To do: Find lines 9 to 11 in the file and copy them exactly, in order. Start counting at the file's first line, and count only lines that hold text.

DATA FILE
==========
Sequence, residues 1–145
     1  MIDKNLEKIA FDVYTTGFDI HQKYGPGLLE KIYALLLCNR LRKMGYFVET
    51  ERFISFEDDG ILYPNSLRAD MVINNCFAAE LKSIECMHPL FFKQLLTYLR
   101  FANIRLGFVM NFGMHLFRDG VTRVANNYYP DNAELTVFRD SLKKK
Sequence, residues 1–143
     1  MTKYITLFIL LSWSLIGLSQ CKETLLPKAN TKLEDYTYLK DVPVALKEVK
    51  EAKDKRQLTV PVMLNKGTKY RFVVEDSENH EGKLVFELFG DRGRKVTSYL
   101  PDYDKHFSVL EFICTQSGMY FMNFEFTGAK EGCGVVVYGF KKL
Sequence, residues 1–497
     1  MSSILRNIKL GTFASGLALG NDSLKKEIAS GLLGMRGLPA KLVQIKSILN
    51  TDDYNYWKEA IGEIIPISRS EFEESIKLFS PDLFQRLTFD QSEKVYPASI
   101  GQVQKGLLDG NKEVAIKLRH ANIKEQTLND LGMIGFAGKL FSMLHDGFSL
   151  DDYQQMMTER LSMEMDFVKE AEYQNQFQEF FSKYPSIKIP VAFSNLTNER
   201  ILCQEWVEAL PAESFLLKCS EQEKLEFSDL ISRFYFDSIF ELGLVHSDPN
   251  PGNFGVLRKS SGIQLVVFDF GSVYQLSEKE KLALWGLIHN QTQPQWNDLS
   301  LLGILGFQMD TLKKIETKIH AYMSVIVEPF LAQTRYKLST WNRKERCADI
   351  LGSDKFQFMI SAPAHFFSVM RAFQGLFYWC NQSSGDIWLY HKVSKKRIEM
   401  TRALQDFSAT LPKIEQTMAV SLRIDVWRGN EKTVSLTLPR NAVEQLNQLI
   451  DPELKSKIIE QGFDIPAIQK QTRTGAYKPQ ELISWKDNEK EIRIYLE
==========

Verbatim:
Sequence, residues 1–497
     1  MSSILRNIKL GTFASGLALG NDSLKKEIAS GLLGMRGLPA KLVQIKSILN
    51  TDDYNYWKEA IGEIIPISRS EFEESIKLFS PDLFQRLTFD QSEKVYPASI